ICAS contributes to House of Lords inquiry
The autumn budget may have been cancelled by the Chancellor, but other elements of the annual UK Finance Bill process continue to roll on. We report on parliamentary consideration of the draft Finance Bill clauses and the ICAS contribution.
Tax policy making
Back in 2011 a helpful tax policy making model was established that brought welcome consistency and planning to the process of developing new tax legislation. However, recent events – Brexit and now Covid-19 – have led to parts of the process being ignored or truncated. None of this is helpful to developing sound tax policy or its effective implementation into tax law.
ICAS supports the principles set out in the 2017 policy paper ‘The new Budget timetable and the tax policy making process’ which were designed to increase predictability, stability and simplicity in the UK tax system and to address concerns that tax policy making was often piecemeal and reactive. A single autumn fiscal event is also essential to support the devolved nations in making effective tax policy.
Last year, the UK autumn budget was delayed until the following spring. The Finance Act 2020 received Royal Assent on 22 July and, perhaps with the hope of returning to the expected consultation process, some draft Finance Bill clauses (for Finance Bill 2020–21) were issued by HMT/HMRC on 21 July – these are expected to be included in the next Finance Act (FA 2021). The government aim is, where possible, to publish most tax legislation in draft for technical consultation before the relevant Finance Bill is laid before parliament. The consultation on draft clauses is intended to make sure that the legislation works as intended.
Some of the proposed measures in the draft Finance Bill clauses have already been subject to policy consultation, but with others this year the policy consultations were kept open over an extended period that has overlapped with the issue of the related draft clauses.
The House of Lords Economic Affairs Committee
The House of Lords Economic Affairs Committee has an interest in tax matters but its remit in relation to any Finance Bill is limited. As a result, the Finance Bill Sub Committee (FBSC), which is appointed each year, considers aspects of the Finance Bill from the point of view of issues of tax administration, technical clarification and simplification rather than on rates or incidence of tax.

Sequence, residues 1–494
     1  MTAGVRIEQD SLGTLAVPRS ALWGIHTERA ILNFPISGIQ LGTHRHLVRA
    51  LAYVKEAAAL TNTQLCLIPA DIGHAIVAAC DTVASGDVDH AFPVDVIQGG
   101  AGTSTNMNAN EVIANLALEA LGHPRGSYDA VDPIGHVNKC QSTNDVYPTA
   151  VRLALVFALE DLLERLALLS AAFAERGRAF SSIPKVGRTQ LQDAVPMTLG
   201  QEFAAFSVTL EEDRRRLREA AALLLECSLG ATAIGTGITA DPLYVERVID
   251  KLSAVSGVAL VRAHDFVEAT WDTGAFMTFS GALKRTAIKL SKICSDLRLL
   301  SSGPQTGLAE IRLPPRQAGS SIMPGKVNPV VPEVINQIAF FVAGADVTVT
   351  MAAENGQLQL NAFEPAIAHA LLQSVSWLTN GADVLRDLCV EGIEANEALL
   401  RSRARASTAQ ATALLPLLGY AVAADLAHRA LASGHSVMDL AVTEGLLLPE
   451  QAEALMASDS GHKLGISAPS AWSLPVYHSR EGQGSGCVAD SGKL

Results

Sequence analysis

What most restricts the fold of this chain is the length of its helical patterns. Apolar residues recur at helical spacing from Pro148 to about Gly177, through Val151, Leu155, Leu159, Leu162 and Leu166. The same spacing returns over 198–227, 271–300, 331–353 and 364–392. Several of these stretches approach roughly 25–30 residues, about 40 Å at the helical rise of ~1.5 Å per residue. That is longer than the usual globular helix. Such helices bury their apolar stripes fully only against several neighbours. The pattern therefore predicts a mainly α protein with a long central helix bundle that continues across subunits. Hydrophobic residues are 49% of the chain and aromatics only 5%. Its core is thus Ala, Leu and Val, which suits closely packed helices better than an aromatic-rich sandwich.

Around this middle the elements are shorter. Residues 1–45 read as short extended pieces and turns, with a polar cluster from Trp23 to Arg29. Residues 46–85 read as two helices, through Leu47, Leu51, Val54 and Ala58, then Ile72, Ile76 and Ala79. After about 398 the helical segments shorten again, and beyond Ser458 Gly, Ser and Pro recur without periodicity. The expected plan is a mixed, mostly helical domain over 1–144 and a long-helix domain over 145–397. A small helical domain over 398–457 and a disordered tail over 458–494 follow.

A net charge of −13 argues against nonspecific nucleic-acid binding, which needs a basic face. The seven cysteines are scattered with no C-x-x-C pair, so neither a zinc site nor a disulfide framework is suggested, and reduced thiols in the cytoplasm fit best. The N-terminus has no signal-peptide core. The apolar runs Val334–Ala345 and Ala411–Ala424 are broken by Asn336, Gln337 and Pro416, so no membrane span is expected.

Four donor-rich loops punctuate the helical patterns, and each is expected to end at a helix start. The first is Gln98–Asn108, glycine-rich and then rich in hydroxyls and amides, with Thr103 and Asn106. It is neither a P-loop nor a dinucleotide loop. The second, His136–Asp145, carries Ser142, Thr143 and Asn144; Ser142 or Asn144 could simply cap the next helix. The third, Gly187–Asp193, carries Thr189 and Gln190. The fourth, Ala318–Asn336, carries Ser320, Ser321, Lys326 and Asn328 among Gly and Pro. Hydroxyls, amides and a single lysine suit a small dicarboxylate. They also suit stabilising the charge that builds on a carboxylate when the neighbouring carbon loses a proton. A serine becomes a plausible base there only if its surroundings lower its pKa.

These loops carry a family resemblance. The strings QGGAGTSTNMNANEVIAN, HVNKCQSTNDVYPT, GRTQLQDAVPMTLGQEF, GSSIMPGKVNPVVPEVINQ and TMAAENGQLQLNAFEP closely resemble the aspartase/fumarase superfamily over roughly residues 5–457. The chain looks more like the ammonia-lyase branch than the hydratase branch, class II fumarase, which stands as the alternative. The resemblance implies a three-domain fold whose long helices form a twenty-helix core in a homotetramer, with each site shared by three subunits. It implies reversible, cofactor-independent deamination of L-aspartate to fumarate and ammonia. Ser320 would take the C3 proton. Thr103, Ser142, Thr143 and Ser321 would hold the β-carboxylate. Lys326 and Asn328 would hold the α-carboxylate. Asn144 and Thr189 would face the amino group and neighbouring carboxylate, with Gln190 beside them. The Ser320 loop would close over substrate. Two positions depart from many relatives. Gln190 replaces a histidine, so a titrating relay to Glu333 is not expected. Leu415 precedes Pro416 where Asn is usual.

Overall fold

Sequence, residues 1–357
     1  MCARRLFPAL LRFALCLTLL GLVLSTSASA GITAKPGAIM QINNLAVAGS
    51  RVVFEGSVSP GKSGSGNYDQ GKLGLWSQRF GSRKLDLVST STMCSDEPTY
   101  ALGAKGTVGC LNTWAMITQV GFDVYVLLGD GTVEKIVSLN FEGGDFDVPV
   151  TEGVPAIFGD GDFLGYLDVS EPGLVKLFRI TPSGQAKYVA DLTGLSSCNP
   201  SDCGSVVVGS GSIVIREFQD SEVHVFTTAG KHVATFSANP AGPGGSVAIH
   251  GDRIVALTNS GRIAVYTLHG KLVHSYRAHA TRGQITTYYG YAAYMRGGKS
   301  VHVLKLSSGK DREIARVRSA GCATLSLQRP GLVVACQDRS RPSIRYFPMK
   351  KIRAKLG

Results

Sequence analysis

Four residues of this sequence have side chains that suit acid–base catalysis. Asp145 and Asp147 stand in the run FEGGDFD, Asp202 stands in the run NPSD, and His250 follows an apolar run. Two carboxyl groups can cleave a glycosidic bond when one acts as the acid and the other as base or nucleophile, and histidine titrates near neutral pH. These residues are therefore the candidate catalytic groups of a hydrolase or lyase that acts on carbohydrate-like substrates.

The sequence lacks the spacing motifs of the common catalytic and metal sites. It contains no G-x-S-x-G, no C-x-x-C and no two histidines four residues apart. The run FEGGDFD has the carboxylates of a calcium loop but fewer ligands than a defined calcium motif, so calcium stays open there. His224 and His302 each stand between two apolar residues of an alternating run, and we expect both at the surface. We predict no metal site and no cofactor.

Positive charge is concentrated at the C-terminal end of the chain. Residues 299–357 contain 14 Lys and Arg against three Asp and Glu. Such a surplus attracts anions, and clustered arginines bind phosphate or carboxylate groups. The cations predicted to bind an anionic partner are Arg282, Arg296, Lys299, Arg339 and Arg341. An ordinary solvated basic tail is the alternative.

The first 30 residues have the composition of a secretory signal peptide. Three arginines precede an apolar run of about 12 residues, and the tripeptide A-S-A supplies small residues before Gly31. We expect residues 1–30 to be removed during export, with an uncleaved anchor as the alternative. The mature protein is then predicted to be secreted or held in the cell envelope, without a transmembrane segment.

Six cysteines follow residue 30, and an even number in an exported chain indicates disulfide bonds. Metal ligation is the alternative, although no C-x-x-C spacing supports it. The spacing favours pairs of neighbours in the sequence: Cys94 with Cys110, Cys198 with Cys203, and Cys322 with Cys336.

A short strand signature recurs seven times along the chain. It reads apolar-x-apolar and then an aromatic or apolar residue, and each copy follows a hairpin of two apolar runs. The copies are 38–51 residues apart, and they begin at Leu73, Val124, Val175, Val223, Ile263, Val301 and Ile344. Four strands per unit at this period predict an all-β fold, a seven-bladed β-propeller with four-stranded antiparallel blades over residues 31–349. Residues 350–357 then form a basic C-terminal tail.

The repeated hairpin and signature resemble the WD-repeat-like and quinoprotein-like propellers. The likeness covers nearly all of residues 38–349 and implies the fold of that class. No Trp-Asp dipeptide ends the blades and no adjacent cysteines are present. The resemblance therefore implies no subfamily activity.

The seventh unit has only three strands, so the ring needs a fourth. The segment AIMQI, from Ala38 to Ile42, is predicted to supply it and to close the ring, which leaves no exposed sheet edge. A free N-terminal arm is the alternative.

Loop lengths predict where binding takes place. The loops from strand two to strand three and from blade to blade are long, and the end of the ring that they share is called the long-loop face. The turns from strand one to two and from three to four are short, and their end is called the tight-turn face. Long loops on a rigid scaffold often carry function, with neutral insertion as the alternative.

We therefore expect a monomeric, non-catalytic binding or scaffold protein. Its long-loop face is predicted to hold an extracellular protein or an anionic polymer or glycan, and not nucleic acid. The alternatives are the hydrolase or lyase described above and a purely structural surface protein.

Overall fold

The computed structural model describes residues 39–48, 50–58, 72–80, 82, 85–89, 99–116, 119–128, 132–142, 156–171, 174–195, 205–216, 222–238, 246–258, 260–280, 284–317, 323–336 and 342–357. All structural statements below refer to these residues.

The FBSC has examined a number of different topics of relevance to many taxpayers in recent years; for example, it has reported on Making Tax Digital for Business, The Powers of HMRC: treating taxpayers fairly and Off-Payroll working: treating people fairly, all of which ICAS has contributed evidence to.
This year the FBSC has decided to examine the following measures:
- New proposals for tackling promoters and enablers of tax avoidance schemes (ICAS submitted a response to the consultation on this recently)
- New tax checks on licence renewal applications (ICAS has not received any feedback from Members on these proposals; our evidence therefore concentrates on the broader issue of liaison between Westminster and the devolved administrations, given that licence renewal is a devolved matter)
- Amendments to HMRC’s civil information powers (ICAS submitted a response to the original consultation in 2018)
- Notification of uncertain tax treatments by large businesses (again, ICAS has submitted a response to the consultation)
- Corporate Interest Restriction (CIR) – technical amendments
The ICAS contribution
ICAS will be submitting written evidence and, alongside the ICAEW and CIOT, has been asked to give oral evidence on 5 October.
The ICAS Tax Board is responsible for putting forward the views of the ICAS tax community; ICAS also has a public interest remit, a duty to act not solely for its Members but for the wider good. From a public interest perspective, our role is to share insights from ICAS Members into the many complex issues and decisions involved in tax and financial system design, and to point out operational practicalities. We are delighted therefore that ICAS has been asked to contribute to the Finance Bill Sub Committee’s inquiry.